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The transition to a barley-dominant cultivation system in Tibet: First millennium BC archaeobotanical evidence from Bangga

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Tang,  Li
Archaeology, Max Planck Institute for the Science of Human History, Max Planck Society;

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Boivin,  Nicole
Archaeology, Max Planck Institute for the Science of Human History, Max Planck Society;

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Spengler,  Robert N.
Archaeology, Max Planck Institute for the Science of Human History, Max Planck Society;

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Citation

Tang, L., Lu, H., Song, J., Wangdue, S., Chen, X., Zhang, Z., et al. (2021). The transition to a barley-dominant cultivation system in Tibet: First millennium BC archaeobotanical evidence from Bangga. Journal of Anthropological Archaeology, 61: 101242. doi:10.1016/j.jaa.2020.101242.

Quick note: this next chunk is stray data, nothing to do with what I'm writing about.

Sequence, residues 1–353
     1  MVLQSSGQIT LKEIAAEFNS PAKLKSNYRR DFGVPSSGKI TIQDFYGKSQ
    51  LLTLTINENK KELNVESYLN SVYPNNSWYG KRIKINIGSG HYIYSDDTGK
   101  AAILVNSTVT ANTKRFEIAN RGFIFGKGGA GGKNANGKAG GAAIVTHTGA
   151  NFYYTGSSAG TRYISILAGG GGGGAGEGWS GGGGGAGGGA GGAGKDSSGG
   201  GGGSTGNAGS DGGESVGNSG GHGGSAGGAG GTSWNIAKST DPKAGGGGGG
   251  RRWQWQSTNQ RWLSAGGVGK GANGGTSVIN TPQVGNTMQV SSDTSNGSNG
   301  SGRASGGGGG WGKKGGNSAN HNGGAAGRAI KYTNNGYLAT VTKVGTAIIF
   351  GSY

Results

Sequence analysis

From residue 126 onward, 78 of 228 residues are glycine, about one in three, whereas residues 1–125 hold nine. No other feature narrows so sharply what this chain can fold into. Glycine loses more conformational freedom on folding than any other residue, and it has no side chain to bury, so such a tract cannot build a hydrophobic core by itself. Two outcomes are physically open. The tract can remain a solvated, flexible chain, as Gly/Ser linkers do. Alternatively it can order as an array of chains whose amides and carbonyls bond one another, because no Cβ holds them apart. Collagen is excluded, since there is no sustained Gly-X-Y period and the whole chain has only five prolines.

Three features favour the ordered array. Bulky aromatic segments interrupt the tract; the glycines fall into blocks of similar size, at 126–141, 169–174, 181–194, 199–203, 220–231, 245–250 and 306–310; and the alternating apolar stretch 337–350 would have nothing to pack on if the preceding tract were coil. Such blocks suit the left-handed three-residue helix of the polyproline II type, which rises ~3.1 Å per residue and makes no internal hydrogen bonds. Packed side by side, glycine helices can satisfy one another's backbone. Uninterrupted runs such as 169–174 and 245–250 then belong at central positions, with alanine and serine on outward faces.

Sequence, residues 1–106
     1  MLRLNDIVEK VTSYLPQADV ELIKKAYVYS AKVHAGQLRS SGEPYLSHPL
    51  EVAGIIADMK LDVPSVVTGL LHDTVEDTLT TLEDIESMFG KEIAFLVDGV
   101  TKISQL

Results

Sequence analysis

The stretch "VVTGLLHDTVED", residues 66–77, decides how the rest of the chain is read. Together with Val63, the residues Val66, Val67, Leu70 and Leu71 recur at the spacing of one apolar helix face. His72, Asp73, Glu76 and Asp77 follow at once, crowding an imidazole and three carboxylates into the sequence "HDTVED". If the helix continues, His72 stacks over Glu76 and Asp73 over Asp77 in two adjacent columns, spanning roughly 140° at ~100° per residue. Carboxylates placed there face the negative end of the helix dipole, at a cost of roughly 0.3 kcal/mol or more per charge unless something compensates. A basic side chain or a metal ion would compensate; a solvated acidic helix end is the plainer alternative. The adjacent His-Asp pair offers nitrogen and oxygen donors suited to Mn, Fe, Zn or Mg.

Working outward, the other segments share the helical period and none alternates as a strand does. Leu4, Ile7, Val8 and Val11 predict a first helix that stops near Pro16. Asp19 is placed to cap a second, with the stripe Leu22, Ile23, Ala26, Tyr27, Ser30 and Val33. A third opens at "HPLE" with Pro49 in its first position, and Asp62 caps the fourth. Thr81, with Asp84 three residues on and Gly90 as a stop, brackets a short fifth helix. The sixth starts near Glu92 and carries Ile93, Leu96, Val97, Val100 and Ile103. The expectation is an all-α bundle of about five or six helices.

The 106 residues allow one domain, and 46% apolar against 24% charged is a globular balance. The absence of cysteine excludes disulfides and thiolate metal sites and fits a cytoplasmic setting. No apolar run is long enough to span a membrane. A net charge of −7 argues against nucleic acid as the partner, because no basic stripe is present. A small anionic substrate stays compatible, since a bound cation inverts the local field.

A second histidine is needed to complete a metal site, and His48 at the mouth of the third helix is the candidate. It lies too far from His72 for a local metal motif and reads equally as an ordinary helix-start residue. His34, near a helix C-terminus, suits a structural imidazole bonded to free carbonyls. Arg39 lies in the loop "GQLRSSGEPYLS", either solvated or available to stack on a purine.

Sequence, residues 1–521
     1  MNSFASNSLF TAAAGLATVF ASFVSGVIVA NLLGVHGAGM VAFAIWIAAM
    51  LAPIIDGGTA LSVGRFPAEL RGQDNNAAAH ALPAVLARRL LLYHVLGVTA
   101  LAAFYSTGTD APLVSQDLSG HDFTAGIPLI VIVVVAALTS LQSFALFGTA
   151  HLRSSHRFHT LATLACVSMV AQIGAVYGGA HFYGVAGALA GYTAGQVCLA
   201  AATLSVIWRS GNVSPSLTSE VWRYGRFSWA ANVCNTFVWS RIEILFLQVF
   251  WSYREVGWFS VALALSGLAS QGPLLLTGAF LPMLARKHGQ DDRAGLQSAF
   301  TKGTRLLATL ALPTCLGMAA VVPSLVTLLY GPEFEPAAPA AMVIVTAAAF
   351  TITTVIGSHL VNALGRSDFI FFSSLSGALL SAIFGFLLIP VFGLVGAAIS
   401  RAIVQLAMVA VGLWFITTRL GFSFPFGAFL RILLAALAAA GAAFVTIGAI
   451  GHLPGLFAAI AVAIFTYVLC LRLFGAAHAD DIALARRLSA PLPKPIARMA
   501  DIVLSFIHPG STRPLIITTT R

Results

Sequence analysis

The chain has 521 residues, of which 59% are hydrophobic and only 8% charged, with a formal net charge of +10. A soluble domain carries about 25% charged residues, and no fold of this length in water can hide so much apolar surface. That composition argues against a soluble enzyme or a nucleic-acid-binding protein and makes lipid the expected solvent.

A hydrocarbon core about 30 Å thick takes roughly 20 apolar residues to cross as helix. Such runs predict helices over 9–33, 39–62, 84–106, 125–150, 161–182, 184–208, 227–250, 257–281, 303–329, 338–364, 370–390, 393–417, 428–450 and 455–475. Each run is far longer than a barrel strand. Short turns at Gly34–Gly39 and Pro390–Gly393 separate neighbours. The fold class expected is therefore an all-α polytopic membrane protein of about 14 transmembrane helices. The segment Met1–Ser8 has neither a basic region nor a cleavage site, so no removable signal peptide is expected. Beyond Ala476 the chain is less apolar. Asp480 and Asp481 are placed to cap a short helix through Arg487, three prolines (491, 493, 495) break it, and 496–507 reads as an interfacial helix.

Cite as: http://hdl.handle.net/21.11116/0000-0007-8297-B
Abstract
Historically, agricultural and culinary traditions on the Tibetan Plateau have centered on a specific variety of naked frost-tolerant barley. Single-crop-dominant cultivation systems were rare in the ancient world, and we know little about how, why, and exactly when and where this unique barley-dominant economy developed. Previous research has shown that early cultivation systems in Tibet relied on a mix of barley, wheat, and millets, and that a barley-dominant economy first formed around two millennia ago. However, systematically collected data from the transition period between a mixed-cropping and a barley-dominant system have been lacking. We present new archaeobotanical data from the Bangga site (ca. 1055-211BC) in central Tibet, and compare it with a growing corpus of data from other archaeological sites at high elevations across the plateau. We argue that a specialized barley-dominant farming system started to develop, due to a combination of ecological and social factors, at least a millennia earlier than previously recognized in central Tibet and this was eventually adopted across a large geographic area in high-altitude regions (3500 masl) of Tibet.